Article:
India has so far produced transport aircraft only under licence from foreign sources. These include the Avro-748, Dornier Do-228 and the Partinavia. But now National Aerospace Laboratories is developing the Saras, a twin turbo-prop commuter aircraft. HAL is also likely to embark on the development of a 100-seater aircraft with capabilities for other roles, perhaps in collaboration with Russia.
The prospects of aviation in India are on the right path and should gladden the heart of any aviation enthusiast.

Author’s Note: Events of early aviation history in India mentioned in this article have been gleaned from the book “Glimpses into INDIAN AVIATION HISTORY” by Late Mr Alka Sen. He was the doyen of aviation journalists in India and started his career with Indian Aviation, India’s first aviation magazine in 1929. Later he became the Editor of Skyways and finally restarted Indian Aviation – Civil & Military in April 1986.

Flying Tales

By Gp. Capt. Kapil Bhargava (Retd.)

As you can guess by my rank of Group Captain, I was an officer in the Indian Air Force (IAF). Flying was my first love. I had tried to join the Air Force in 1944 when I was only 16. But on my father’s orders, I had to wait till I completed my BSc and also India became independent. I served in IAF from 1948 to 1976 and worked as a test pilot for seventeen years, including in six aircraft factories in UK, Egypt and India. I had the most wonderful time flying and managed to pilot more than seventy aircraft types of trainers, fighters, bombers, transports, and helicopters. I also did some gliding and once I piloted a flying boat off the sea.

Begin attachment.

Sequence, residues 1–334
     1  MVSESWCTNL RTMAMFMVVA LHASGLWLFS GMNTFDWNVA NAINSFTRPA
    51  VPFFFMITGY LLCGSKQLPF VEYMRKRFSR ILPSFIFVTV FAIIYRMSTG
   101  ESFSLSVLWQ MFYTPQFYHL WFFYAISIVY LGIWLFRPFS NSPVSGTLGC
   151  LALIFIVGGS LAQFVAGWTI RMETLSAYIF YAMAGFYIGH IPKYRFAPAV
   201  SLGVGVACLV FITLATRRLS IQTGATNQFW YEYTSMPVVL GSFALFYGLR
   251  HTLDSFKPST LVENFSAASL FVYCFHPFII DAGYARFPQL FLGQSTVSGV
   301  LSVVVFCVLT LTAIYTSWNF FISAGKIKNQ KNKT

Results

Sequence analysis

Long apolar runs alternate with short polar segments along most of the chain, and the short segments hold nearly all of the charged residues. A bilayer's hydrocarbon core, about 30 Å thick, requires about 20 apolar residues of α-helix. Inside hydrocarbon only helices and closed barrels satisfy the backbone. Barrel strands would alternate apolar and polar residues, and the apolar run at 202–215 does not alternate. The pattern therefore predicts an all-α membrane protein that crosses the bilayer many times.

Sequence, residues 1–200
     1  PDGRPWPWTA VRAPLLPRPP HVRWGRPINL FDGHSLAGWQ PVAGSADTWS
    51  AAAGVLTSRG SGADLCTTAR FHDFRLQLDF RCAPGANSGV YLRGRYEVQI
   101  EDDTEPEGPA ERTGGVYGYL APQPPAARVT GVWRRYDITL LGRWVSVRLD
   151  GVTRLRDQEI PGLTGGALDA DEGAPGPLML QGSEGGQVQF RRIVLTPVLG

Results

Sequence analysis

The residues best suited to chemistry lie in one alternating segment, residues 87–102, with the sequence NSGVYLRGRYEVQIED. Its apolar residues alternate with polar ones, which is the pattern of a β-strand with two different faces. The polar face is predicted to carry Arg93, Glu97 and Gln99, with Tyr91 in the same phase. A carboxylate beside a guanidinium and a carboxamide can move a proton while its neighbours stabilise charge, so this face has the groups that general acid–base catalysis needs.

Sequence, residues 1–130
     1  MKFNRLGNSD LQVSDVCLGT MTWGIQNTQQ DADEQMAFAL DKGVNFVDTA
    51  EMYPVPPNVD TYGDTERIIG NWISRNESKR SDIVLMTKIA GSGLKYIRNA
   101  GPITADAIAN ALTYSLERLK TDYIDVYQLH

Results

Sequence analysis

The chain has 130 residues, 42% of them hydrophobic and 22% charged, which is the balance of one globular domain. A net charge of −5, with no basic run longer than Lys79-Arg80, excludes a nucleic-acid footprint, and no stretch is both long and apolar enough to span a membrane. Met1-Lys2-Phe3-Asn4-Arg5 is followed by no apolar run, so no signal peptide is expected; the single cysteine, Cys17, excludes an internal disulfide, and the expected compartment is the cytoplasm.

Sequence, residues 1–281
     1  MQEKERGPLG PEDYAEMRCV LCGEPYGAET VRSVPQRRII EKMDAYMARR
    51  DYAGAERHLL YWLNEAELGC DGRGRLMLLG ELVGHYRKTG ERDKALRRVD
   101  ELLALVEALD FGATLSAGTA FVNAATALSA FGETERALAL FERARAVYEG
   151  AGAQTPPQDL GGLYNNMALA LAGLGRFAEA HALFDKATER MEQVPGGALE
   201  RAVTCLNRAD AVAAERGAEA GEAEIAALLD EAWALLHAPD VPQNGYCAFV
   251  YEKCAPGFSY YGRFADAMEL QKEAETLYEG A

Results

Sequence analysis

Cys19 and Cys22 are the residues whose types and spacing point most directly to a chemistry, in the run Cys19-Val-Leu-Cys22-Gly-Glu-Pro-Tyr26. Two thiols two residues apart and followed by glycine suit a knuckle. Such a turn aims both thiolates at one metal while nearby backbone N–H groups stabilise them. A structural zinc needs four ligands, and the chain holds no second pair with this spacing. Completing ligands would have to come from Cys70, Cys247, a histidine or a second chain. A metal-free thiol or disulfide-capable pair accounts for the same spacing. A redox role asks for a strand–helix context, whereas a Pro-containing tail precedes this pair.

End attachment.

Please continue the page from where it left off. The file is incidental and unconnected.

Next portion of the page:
This Flying Tales section of the KBHARGAVA.COM site will contain some personal writing on aviation. Around eighty of my articles have been published in magazines in the UK, Germany and India. Hopefully, some of these might interest visitors to this site. Comments (including adverse ones) and questions on these will be welcome. But I may not be able to supply further information about historical articles. I have not kept good records about these or have access any longer to the sources of my information.

With best wishes,
Kapil Bhargava
Email: kapil at kbhargava dot com


By Kabir Bhargava

When we reached Baga in Goa, and saw the beaches, the main thing that happened on the beaches were the water sports. There was a Water Scooter which went really fast and was really bumpy. Then there was a Boat Ride and of course the Para Sailing. At first I thought it was really scary and that I wanted to stay away from it. So when we left Baga, the next beach place we went to was called Sernabetam. We just happened to go to the beach on the first day. On this beach there were even more people going for water sports. I wasn’t at all prepared for this, I was being forced to go Para Sailing. People were telling me I would want to go again if I went.